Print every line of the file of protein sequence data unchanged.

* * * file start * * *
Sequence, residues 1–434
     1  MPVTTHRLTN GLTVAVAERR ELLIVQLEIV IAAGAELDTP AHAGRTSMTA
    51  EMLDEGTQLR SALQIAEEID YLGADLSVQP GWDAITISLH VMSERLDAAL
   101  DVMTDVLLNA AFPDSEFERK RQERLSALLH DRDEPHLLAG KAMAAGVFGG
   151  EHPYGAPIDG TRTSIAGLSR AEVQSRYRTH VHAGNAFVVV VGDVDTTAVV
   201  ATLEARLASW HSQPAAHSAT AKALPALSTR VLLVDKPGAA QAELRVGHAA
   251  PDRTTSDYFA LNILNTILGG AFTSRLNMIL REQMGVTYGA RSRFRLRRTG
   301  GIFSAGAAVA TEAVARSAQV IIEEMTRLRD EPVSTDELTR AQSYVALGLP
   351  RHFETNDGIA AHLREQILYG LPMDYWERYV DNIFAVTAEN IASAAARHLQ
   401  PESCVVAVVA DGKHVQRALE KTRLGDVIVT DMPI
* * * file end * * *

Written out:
Sequence, residues 1–434
     1  MPVTTHRLTN GLTVAVAERR ELLIVQLEIV IAAGAELDTP AHAGRTSMTA
    51  EMLDEGTQLR SALQIAEEID YLGADLSVQP GWDAITISLH VMSERLDAAL
   101  DVMTDVLLNA AFPDSEFERK RQERLSALLH DRDEPHLLAG KAMAAGVFGG
   151  EHPYGAPIDG TRTSIAGLSR AEVQSRYRTH VHAGNAFVVV VGDVDTTAVV
   201  ATLEARLASW HSQPAAHSAT AKALPALSTR VLLVDKPGAA QAELRVGHAA
   251  PDRTTSDYFA LNILNTILGG AFTSRLNMIL REQMGVTYGA RSRFRLRRTG
   301  GIFSAGAAVA TEAVARSAQV IIEEMTRLRD EPVSTDELTR AQSYVALGLP
   351  RHFETNDGIA AHLREQILYG LPMDYWERYV DNIFAVTAEN IASAAARHLQ
   401  PESCVVAVVA DGKHVQRALE KTRLGDVIVT DMPI